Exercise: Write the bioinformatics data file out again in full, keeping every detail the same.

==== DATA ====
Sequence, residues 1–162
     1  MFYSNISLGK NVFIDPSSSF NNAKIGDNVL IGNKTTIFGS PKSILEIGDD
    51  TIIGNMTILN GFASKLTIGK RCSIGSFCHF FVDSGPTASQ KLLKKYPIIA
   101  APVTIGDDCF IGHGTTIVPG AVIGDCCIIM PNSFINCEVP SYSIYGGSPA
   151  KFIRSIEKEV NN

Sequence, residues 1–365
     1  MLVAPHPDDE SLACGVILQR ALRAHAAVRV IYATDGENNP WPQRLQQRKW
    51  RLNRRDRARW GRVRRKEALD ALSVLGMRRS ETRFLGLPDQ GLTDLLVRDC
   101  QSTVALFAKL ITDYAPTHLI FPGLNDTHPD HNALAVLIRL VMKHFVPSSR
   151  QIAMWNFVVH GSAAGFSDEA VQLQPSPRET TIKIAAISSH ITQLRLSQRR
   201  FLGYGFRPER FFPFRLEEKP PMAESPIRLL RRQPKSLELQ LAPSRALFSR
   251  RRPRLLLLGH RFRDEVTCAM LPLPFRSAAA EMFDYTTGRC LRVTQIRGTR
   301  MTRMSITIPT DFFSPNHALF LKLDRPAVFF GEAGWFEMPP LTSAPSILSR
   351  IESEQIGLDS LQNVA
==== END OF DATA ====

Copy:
Sequence, residues 1–162
     1  MFYSNISLGK NVFIDPSSSF NNAKIGDNVL IGNKTTIFGS PKSILEIGDD
    51  TIIGNMTILN GFASKLTIGK RCSIGSFCHF FVDSGPTASQ KLLKKYPIIA
   101  APVTIGDDCF IGHGTTIVPG AVIGDCCIIM PNSFINCEVP SYSIYGGSPA
   151  KFIRSIEKEV NN

Sequence, residues 1–365
     1  MLVAPHPDDE SLACGVILQR ALRAHAAVRV IYATDGENNP WPQRLQQRKW
    51  RLNRRDRARW GRVRRKEALD ALSVLGMRRS ETRFLGLPDQ GLTDLLVRDC
   101  QSTVALFAKL ITDYAPTHLI FPGLNDTHPD HNALAVLIRL VMKHFVPSSR
   151  QIAMWNFVVH GSAAGFSDEA VQLQPSPRET TIKIAAISSH ITQLRLSQRR
   201  FLGYGFRPER FFPFRLEEKP PMAESPIRLL RRQPKSLELQ LAPSRALFSR
   251  RRPRLLLLGH RFRDEVTCAM LPLPFRSAAA EMFDYTTGRC LRVTQIRGTR
   301  MTRMSITIPT DFFSPNHALF LKLDRPAVFF GEAGWFEMPP LTSAPSILSR
   351  IESEQIGLDS LQNVA